Neuroscience at Communications Biology: Welcoming new Editorial Board Members

As we kick of another year, Communications Biology is thrilled to welcome two new Editorial Board Members to their Neuroscience teams: Sahba Besharati and David Owen
Neuroscience at Communications Biology: Welcoming new Editorial Board Members
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As we begin 2023, the neuroscience editorial board at Communications Biology has undergone a few changes. We have now split the board into Cellular & Molecular Neuroscience and Cognitive and Computational Neuroscience, which will be lead by Section Leads Christian Wozny and Michel Thiebaut de Schotten, respectively.

We are also thrilled to welcome two new members of the team! Sahba Besharati will join our Cognitive and Computational team, whilst David Owen will join our Cellular & Molecular Neuroscience team.

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Sahba Besharati is a neuropsychologist and senior lecturer in cognitive neuroscience at the Department of Psychology at the University of the Witwatersrand (Wits). She is the cofounder and joint leader of Wits NeuRL, a cross-disciplinary research laboratory that aims to advance the practice and research of cognitive neuroscience in the southern African context. Sahba’s research specialises in the area of social and affective neuroscience, where she integrates innovative methods to investigate self-consciousness, emotion and social cognition. Her research addresses the question of how we become aware of ourselves and others in the world, and how our environment influences this construction of the self. In doing so, her research also explores how the brain changes and reorganises itself following brain injury. She has been actively involved in capacity building in the neurosciences for unrepresented researchers, and in making research around the brain accessible and interesting for a wider public audience.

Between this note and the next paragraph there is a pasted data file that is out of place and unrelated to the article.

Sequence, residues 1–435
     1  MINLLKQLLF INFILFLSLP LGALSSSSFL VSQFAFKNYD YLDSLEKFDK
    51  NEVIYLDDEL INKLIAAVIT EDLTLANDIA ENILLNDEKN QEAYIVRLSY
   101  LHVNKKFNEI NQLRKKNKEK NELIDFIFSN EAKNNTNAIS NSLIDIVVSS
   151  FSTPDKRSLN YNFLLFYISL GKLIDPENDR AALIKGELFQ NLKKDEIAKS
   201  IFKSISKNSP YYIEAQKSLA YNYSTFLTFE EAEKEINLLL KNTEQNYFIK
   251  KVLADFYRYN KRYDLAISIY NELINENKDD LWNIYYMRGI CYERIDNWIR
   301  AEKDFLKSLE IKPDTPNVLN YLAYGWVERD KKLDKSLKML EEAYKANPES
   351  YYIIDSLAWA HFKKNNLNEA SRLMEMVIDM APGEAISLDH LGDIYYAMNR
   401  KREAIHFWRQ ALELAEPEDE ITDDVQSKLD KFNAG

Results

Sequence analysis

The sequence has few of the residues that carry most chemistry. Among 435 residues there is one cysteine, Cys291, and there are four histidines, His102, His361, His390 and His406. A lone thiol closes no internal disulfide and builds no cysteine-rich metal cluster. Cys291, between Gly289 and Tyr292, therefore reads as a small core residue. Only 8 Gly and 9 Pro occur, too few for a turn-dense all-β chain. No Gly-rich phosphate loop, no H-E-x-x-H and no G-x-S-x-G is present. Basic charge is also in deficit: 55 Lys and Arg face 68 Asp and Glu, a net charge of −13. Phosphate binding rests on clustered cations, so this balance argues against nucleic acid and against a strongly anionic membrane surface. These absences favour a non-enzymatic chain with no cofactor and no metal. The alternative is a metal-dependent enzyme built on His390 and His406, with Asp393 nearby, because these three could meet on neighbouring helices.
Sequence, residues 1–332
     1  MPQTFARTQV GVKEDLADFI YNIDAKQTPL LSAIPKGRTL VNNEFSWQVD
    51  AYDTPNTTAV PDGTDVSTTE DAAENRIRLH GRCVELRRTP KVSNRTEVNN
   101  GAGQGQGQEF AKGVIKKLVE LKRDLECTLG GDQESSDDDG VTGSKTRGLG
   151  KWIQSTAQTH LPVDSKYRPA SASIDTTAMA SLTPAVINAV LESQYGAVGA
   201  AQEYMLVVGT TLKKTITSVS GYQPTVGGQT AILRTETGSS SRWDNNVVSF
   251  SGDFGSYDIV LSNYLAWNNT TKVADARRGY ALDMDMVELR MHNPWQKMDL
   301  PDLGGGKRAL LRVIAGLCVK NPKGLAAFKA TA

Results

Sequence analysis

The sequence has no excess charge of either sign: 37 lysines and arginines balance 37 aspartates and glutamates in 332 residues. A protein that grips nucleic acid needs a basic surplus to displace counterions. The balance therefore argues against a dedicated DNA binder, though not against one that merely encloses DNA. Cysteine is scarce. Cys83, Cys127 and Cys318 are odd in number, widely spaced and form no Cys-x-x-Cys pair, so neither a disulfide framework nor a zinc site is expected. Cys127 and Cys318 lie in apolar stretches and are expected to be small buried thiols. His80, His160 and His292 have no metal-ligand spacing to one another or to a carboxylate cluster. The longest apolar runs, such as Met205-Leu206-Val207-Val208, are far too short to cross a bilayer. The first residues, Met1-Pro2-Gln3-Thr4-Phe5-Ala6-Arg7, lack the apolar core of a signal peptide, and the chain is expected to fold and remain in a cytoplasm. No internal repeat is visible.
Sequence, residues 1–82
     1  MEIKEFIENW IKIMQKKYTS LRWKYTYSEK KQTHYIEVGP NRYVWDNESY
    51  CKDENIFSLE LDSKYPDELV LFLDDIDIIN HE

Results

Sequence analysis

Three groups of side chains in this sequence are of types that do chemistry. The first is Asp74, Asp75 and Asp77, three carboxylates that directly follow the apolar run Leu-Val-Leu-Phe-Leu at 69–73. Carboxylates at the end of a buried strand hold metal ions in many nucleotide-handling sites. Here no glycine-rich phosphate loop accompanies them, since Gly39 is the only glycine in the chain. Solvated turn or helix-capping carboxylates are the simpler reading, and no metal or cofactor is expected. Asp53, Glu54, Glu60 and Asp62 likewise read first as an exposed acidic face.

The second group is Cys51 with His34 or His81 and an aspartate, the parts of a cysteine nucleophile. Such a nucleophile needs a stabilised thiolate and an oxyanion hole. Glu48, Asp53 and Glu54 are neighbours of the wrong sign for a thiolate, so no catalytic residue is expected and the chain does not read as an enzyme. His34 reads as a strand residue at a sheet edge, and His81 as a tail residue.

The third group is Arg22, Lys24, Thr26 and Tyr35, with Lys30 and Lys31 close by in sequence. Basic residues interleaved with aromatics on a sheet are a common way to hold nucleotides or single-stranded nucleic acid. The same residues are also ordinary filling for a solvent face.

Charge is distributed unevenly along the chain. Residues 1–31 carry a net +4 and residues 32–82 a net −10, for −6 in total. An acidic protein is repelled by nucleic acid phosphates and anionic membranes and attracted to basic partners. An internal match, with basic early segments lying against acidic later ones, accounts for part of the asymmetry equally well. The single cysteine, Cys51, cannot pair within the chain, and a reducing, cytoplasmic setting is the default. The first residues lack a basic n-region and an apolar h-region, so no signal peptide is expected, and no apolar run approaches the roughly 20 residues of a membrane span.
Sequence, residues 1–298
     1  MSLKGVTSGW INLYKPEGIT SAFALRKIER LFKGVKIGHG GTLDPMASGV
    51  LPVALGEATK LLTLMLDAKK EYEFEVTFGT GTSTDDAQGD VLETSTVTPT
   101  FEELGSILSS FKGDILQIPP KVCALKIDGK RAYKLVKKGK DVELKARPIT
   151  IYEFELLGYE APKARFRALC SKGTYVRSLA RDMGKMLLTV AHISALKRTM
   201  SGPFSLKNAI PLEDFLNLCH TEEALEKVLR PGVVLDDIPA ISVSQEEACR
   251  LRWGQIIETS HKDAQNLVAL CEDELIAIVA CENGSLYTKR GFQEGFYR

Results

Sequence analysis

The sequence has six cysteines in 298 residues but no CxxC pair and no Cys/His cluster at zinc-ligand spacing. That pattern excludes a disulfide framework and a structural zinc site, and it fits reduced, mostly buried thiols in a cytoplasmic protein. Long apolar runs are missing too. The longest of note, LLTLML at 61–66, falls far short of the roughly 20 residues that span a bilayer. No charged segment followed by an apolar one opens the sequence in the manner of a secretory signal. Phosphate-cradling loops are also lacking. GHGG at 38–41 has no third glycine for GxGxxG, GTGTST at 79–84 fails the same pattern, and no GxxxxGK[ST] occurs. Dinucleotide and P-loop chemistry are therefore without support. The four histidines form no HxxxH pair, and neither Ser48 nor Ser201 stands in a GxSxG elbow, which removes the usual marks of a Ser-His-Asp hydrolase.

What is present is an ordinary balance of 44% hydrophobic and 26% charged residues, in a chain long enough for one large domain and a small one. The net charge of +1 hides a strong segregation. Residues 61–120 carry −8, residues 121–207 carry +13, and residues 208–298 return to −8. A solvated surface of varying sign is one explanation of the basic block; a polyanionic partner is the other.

She says:

'Being on the Editorial Board of Communications Biology is a unique opportunity to have a first look and even contribute to pioneering neuroscience research. Being from South Africa, I also felt it was a way to encourage greater inclusivity and cultural diversity in the neurosciences and allow for a representation of perspectives from low-to-middle income countries and the Global South....

...I am really excited to see the interface between the artificial intelligence and the neurosciences, especially in terms of consciousness studies. I also look forward to seeing a greater integration of affective neuroscience perspectives and interdisciplinary work with the cognitive neurosciences with social scientists, developmentalists and mathematics.'

David Owen is a clinically active clinical pharmacologist, working on microglia and their role in neurodegeneration. Microglia are immune cells that reside in the brain. They are referred to as the “policemen of the brain” because they detect neuronal damage and become activated in response to almost any brain injury, including in neurodegenerative conditions like Alzheimer’s Disease. Microglia can perform supportive, trophic functions, but they can also inappropriately phagocytose synapses and release neurotoxic mediators which drive neuronal damage. The way in which microglia respond to Alzheimer’s Disease is therefore very important. Indeed, converging data from genomics, neuropathology, cell biology and transgenic mouse experiments suggest that the microglial response is a fundamental driver of disease progression. Therefore, if microglial phenotype can be modulated in neurodegenerative disease, this may be a means of slowing disease progression. The focus of his group is contribute to the understanding of how microglial phenotype drives disease, and the development of microglial modulating strategies.

He says:

'Until now, my only experience of journals has been in the role of author or reviewer. I’ve never been involved in the process of how manuscripts are assessed. Spare time is a rare commodity in academia, but we as a community all need the journals to be running well, so I do think its important we all play what part we can to contribute to that....

...My own interest is in the role that non neuronal cells play in neurodegeneration, and my work involves cell and rodent models as well as experimental medicine studies. So I am excited to handle papers on these topics, but equally I’m keen to see papers which aren’t in my specific field too.'

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